Target groups: Young voters
Signature issues: Economic development, poverty/inequality, human rights

Robert Chisholm

The lone candidate who could bring direct experience as a party leader to the table - and his recent work on international trade would be a bonus. But the combination of his being unilingual and lacking much of a geographical base outside his home province would make for a long road to victory.
Target groups: Labour, professionals
Signature issues: Good government, economic development

Hoang Mai

I'm presuming none of the NDP's very youngest Quebec MPs will throw a hat into the ring. But Mai could make a dent in the leadership race by serving as the face of the movement while offering economic and international credentials which can win support in the wider party.
Target groups: Quebeckers, young voters, ethnic communities
Signature issues: Human rights, economic development

Linda Duncan

Nobody can dispute Duncan's bravery and political effectiveness in winning two consecutive elections in her home province's sea of blue. And she brings more environmental credentials to the table than all but a tiny handful of Canadian politicians. But while it would be a plus to see a candidate focusing primarily on growing the NDP in Alberta, I'm not sure that strategy would provide any realistic prospect of success in the leadership race.
Target groups: Professionals
Signature issues: Environment, women's issues

Joe Comartin

Often mentioned as a possible candidate based on his 2003 leadership run. But Comartin finished a distant fourth even in a far weaker field than we should expect this time out. And while he's served as a highly distinguished MP since then, it's hard to see what support base would have emerged to propel Comartin into contention.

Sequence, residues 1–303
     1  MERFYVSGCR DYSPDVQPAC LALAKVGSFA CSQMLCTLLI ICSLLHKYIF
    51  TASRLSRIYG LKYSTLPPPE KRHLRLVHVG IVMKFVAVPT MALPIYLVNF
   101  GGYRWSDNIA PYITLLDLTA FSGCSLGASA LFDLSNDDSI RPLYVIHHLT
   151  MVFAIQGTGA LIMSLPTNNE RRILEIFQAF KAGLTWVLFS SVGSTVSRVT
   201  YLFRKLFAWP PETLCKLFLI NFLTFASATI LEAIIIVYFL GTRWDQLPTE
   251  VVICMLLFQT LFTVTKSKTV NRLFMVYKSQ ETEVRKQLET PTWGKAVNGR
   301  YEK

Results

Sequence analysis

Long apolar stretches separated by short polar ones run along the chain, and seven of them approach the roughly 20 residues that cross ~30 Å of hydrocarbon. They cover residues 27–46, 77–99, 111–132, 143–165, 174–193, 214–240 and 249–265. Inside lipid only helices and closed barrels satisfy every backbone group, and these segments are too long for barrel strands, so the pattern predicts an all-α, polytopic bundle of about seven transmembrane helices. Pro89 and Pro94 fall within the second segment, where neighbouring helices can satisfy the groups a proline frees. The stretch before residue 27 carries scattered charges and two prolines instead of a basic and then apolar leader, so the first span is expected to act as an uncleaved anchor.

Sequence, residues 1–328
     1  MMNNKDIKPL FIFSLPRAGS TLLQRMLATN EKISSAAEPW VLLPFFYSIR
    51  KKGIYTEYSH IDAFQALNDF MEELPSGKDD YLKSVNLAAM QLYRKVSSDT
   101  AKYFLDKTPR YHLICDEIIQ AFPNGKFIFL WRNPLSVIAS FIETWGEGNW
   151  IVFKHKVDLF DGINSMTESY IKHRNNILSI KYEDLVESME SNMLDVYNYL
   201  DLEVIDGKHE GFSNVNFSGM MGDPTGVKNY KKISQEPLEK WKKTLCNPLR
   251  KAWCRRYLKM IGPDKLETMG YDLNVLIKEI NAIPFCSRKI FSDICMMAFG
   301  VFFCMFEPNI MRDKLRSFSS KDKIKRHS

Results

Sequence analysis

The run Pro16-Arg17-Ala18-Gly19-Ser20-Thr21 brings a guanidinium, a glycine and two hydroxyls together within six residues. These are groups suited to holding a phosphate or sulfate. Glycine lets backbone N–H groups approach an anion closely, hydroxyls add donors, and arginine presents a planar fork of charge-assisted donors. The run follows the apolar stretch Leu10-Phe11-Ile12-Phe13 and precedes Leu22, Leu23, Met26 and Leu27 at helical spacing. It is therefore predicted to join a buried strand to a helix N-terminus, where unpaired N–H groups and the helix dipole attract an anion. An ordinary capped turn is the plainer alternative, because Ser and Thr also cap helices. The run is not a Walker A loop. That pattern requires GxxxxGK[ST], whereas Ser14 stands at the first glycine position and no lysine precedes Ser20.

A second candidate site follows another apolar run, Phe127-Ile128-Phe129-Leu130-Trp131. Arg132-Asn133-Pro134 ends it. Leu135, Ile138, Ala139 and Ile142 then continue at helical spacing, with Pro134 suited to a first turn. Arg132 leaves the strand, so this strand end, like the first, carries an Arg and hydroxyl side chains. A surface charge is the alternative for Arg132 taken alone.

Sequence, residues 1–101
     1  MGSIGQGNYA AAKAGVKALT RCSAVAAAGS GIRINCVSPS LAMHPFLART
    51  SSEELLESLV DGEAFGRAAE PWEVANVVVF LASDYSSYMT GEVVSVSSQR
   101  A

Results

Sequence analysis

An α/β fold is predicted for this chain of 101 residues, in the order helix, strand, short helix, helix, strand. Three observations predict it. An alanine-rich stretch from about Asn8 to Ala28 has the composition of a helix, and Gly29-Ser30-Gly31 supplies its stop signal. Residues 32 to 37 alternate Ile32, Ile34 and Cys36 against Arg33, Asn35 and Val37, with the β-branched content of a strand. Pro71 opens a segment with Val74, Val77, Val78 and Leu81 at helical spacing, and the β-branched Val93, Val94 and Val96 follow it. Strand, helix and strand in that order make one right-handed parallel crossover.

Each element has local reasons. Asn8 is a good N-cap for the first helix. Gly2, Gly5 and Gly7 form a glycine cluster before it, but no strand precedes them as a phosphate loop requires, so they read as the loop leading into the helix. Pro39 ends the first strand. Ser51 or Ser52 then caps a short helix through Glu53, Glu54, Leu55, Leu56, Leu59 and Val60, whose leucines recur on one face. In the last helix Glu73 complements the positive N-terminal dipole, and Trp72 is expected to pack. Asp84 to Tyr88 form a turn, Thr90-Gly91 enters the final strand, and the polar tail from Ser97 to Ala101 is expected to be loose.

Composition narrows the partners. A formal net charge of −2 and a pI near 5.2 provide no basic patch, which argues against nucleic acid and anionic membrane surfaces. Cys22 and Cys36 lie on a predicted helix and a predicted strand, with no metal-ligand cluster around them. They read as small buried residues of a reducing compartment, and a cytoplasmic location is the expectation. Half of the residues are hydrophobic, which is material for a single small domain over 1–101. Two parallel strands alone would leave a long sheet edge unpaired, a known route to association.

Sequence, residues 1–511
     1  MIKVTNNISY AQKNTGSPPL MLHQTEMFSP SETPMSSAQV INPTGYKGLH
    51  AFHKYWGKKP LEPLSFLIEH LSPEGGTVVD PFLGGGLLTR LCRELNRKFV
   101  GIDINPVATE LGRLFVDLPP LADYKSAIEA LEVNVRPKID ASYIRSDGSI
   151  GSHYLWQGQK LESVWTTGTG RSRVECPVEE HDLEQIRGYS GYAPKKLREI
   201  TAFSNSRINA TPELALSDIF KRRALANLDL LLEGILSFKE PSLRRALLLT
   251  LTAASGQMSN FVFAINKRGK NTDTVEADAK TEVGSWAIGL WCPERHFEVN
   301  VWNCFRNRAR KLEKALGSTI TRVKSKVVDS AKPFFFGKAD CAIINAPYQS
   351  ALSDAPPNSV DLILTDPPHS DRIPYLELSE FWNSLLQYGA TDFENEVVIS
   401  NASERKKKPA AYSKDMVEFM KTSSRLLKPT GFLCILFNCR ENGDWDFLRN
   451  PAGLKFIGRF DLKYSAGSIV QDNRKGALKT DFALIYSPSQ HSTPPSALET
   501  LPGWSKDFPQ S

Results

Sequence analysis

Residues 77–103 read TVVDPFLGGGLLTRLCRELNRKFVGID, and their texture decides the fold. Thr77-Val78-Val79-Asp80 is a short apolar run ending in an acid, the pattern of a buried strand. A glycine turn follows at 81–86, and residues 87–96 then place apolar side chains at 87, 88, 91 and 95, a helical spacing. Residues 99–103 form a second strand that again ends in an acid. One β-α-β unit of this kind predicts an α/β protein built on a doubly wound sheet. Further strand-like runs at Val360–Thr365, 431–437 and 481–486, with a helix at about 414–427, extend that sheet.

Target groups: Professionals
Signature issues: Justice, human rights

Pierre Ducasse

Meanwhile, if anybody is looking for a 2003 leadership candidate to take another shot, how about the first face of Layton's efforts to build the NDP in Quebec? Ducasse has stayed active politically despite not running in this year's federal election, and his organizational work in multiple regions of Quebec could give him a fighting chance.
Target groups: Quebeckers, rural voters
Signature issues: Poverty/inequality, human rights

Update: For further discussion, Babble unsurprisingly has a thread already started. Update II: Continued. Update III: And again. Update IV: here.


  1. Anonymous12:45 p.m.

    Is language really an issue for Charlie Angus?

    I mean...I could understand if he didn't appeal to the majority of Canadians or something his french that bad?